But the principle, the moral principle, is that of defending liberty and minimizing the scope of government.



Moderator: Congressman Paul, Bob Hussay (ph) from Minnesota writes that perhaps the most important skill a good president must have is the ability to make good, sound decisions, often in a crisis situation.

Please cite an example when you had to make a decision in crisis.

Paul: I wonder if he's referring to a political decision like running for office, or something like that.

(Laughter)

I guess, in medicine, I made a lot of critical decisions. I mean, you're called upon all the time to make critical, life-saving decisions. But I can't think of any one particular event where I made a critical decision that affected a lot of other people. But I think all our decisions we make in politics are critical.

My major decision, political decision, which was a constitutional decision, was to urge for 5 years that this country not go to war in Iraq.



Moderator: We have to go down the line again. It's always fun to ask these questions down the line. We have Mr. Reagan here. The camera will not focus on her, but I will tell you, it will now focus on you.

Mrs. Reagan wants to expand federal funding of embryonic stem cell research. Will that progress under your administration, Governor?



Moderator: Dr. Paul, yes or no on federal funding?

Paul: Programs like this are not authorized under the Constitution. The trouble with issues like this is, in Washington we either prohibit it or subsidize it. And the market should deal with it, and the states should deal with it.

Moderator: OK. That's a no.



Moderator: OK. Let's start with an enjoyable down-the-line, OK? I want each candidate to mention a tax you'd like to cut, in addition to the Bush tax cuts, keeping them in effect.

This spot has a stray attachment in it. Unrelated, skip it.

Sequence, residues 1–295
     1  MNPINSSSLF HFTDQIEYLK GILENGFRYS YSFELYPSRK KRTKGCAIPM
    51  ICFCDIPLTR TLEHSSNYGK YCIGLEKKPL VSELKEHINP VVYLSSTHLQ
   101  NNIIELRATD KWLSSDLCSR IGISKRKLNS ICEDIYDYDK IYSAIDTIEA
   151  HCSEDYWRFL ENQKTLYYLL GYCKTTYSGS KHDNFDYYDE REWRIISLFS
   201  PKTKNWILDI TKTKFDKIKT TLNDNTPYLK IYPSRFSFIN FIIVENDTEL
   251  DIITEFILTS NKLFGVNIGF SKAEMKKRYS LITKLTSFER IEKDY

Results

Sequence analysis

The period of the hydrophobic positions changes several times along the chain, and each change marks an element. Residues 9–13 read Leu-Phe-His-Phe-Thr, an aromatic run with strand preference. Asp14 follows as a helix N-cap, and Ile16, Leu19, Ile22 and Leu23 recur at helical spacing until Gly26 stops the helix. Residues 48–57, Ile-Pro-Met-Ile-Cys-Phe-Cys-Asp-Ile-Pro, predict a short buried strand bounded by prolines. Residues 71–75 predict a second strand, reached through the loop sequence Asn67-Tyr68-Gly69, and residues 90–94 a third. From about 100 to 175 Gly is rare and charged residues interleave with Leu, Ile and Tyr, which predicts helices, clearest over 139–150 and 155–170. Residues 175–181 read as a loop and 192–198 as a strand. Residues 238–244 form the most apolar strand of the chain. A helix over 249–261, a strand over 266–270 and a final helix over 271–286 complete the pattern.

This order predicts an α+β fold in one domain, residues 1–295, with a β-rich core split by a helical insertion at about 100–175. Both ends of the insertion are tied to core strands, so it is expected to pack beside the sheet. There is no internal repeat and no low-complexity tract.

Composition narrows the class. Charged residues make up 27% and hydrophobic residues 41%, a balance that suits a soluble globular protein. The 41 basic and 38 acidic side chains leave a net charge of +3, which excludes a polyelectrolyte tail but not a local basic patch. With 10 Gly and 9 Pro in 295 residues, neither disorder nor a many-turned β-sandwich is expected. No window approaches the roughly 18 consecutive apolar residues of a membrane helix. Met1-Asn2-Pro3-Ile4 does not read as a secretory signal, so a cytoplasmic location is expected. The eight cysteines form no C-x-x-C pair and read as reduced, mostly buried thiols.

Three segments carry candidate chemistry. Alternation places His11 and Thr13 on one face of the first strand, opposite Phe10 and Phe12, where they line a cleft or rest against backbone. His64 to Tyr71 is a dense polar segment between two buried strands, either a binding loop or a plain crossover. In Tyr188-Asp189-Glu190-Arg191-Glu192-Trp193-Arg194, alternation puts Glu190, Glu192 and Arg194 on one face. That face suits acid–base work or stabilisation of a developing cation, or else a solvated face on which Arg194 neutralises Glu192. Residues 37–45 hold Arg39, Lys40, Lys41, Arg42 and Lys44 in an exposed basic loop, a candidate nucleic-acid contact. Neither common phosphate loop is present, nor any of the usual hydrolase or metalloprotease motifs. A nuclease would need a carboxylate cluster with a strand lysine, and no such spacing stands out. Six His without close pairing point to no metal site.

Paul: Well, in my first week, I already got rid of the income tax.

In my second week, I would get rid of the inflation tax. It's a tax that nobody talks about.

We live way beyond our means, with a foreign policy we can't afford, and an entitlement system that we have encouraged. We print money for it. The value of the money goes down, and poor people pay higher prices.

That is a tax. That's a transfer of wealth from the poor and the middle class to Wall Street. Wall Street's doing quite well, but the inflation tax is eating away at the middle class of this country. We need to get rid of the inflation tax with sound money.



Moderator: Congressman Paul, Carrie from Connecticut asks: Do you trust the mainstream media?

(Laughter)

Paul: Some of them.

(Laughter)

But I trust the Internet a lot more, and I trust the freedom of expression. And that's why we should never interfere with the Internet. That's why I've never voted to regulate the Internet. Even when there's the temptation to put bad things on the Internet, regulation of bad and good on the Internet should be done differently.

But, no, there's every reason to believe that we have enough freedom in this country to have freedom of expression. And that's what is important. And whether or not we trust the mainstream or not, I think you pick and choose. There are some friends, and some aren't so friendly.



Moderator: (What is your position on a national, tamper-proof ID Card?)

Paul: I am absolutely opposed to a national ID card. This is a total contradiction of what a free society is all about. The purpose of government is to protect the secrecy and the privacy of all individuals, not the secrecy of government. We don't need a national ID card.

1 comment:

Jim said...

Man, I am p*ssed! We NEED this man as president and we are NOT going to get him. This is truly a shame.